Vote for Me: I'm Endorsed by Kids!
I came home last night to a big stack of mail, almost all of it fliers for candidates in the Sept. 12 primary elections. The verbiage in these ads is not exactly notable: I learned that candidates variously
--want "to make our government more responsive,"
--"helped save taxpayer money,"
--have "real-world experience,"
--champion "real change,"
--have "been a leader,"
--are "putting families first,"
--have "a real plan,"
--"will fight for public safety,"
--and are "getting results."
But we knew all that. What stood out as I pored through the stack of fliers was the number of candidates who thought it would be awfully helpful to voters if we could see photos of the candidates surrounding themselves with, sitting with, and being stared at by...children.
Judging from the looks of the kids in all these photos, few if any of them are actually related to the various candidates. Nor are they likely to be registered voters, though in the District, at least, you never really know. These children do not appear to have parents nearby. Rather, the kids seem to spend their time with political candidates, watching the candidates page through books, point at computer screens, or sign documents. The kids, rather unlike my own offspring and their friends, seem utterly captivated by these activities. I have decided to suggest to my kids that next time they offer that they are "bored," we should ring up some political candidates, who will be only too happy to pop over and stand around and smile with them.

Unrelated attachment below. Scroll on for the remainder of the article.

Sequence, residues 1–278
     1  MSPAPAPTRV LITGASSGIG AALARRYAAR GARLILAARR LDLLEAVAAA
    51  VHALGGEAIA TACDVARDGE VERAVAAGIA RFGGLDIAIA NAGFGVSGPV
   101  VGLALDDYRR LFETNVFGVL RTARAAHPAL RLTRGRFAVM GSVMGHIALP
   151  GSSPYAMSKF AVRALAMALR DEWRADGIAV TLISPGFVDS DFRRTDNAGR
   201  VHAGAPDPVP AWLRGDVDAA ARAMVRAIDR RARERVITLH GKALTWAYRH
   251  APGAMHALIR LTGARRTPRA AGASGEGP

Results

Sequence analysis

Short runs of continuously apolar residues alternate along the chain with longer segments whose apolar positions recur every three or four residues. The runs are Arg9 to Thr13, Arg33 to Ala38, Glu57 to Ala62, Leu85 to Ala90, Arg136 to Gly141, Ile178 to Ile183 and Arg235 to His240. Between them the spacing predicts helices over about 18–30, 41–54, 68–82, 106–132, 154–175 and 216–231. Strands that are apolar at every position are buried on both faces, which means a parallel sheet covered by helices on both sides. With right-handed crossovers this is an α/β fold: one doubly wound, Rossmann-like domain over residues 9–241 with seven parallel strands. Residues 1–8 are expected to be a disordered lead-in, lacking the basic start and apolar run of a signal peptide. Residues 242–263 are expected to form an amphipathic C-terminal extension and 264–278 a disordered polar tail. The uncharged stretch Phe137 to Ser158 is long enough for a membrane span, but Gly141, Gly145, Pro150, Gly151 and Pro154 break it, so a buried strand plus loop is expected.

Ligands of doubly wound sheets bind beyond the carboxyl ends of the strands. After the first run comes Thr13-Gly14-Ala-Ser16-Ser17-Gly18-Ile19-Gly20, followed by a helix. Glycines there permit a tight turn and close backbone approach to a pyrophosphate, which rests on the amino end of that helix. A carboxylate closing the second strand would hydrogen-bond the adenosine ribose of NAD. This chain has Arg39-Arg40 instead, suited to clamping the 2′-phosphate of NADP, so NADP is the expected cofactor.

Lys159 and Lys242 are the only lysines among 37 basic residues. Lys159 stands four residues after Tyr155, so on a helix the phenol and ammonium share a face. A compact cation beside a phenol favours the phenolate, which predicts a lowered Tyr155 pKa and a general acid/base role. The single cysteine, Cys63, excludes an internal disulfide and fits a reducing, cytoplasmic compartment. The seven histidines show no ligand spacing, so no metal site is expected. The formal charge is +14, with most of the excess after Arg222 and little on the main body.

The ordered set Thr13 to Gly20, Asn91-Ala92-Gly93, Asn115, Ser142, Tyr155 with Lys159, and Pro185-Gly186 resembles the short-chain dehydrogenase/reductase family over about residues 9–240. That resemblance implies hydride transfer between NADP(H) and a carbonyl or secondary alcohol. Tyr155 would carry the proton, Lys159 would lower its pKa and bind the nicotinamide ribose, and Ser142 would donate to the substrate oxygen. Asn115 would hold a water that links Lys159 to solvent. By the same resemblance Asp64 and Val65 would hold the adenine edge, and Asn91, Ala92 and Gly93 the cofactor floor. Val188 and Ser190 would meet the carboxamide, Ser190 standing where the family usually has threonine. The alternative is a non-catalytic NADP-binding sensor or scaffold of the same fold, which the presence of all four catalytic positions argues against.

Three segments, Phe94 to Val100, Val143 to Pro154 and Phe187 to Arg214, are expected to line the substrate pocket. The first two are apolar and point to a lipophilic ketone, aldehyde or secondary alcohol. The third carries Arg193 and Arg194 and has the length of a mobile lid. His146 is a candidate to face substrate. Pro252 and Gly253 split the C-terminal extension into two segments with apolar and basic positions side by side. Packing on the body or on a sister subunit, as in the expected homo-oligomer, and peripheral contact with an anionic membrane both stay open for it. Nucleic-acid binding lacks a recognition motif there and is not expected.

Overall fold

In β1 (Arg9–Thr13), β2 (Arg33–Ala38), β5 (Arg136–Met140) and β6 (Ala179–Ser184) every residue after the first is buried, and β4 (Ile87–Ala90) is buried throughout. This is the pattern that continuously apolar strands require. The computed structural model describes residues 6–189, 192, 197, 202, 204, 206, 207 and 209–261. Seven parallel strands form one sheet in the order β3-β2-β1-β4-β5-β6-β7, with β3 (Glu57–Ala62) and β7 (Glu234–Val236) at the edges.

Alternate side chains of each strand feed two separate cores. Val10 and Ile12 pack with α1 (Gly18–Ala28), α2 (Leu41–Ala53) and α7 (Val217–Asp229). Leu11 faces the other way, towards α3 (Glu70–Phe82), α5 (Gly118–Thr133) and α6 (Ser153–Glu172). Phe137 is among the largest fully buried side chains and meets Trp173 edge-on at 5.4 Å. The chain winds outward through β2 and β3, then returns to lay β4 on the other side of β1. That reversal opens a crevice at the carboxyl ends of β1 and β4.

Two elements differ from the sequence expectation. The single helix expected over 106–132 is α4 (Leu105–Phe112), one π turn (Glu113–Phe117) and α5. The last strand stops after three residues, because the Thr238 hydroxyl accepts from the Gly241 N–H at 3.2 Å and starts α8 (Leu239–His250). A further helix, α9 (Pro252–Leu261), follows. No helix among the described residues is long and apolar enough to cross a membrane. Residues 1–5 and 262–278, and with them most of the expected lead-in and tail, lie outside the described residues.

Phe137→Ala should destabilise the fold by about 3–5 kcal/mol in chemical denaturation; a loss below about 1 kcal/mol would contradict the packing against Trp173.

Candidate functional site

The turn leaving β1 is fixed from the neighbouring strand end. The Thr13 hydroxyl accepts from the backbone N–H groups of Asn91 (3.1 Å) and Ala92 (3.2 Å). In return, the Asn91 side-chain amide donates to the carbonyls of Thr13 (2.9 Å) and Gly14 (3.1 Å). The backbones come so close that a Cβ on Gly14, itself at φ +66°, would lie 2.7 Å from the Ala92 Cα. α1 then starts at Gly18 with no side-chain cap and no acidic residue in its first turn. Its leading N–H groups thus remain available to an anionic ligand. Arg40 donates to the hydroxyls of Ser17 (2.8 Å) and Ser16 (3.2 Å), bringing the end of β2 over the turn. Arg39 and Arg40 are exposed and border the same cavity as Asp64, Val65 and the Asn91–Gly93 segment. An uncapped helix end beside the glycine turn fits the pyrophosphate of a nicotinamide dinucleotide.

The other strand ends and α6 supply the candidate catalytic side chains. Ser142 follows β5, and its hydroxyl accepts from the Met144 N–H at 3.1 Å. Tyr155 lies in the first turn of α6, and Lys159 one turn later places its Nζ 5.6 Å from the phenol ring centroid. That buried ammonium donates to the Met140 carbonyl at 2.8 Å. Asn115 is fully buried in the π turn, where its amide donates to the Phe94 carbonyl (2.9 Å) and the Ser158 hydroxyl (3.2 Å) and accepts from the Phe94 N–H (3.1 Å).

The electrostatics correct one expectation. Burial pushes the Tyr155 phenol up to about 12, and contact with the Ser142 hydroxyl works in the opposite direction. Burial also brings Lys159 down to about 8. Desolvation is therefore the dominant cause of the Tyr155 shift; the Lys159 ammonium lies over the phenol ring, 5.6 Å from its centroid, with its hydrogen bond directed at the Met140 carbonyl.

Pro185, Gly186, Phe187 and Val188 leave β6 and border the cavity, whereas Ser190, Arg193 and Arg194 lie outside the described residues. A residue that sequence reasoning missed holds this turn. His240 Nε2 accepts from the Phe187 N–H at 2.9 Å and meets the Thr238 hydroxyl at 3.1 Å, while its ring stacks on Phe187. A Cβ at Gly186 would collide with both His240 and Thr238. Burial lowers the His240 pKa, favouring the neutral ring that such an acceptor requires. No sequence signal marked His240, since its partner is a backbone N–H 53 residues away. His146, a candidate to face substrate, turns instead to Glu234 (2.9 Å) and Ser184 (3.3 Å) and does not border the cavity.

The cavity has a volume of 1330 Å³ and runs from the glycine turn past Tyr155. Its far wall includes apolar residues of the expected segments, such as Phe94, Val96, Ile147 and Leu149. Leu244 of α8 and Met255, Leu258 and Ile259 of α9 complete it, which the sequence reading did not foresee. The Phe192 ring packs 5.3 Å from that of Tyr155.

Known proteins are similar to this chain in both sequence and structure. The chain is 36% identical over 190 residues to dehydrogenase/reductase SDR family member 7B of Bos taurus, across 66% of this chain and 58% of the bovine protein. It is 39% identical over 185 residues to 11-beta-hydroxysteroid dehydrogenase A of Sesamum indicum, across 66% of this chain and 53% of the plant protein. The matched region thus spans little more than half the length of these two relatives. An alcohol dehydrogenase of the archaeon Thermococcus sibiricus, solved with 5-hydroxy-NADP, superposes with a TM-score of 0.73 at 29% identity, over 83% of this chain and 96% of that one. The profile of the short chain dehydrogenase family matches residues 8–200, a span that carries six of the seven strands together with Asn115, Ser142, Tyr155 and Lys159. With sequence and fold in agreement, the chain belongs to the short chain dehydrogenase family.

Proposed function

At first, I was cynical enough to think that perhaps hanging around with random children was not exactly the activity I was looking for in my next mayor, council member or member of Congress. But the more I thought about it, the more I realized that these are indeed the candidates I should punch my ballot for: These are the politicians who will not waste their time and my money passing new laws, taxes and other restrictions on the behavior of citizens. No, these are the politicians who stand ready to solve our nation's child care problem. If elected, they will take kids off the dangerous streets and enrich their lives with long days of smiling in semi-circles, searching for empty classrooms in which they can stare at blackboards together, and sitting down to examine large stacks of documents.
My mail helped me so much: I am now prepared for Election Day. And this time, I'm bringing the whole family to the polls--hey, maybe my candidates will be there, ready to take delivery of the kids.
By Marc Fisher |
September 1, 2006; 7:28 AM ET
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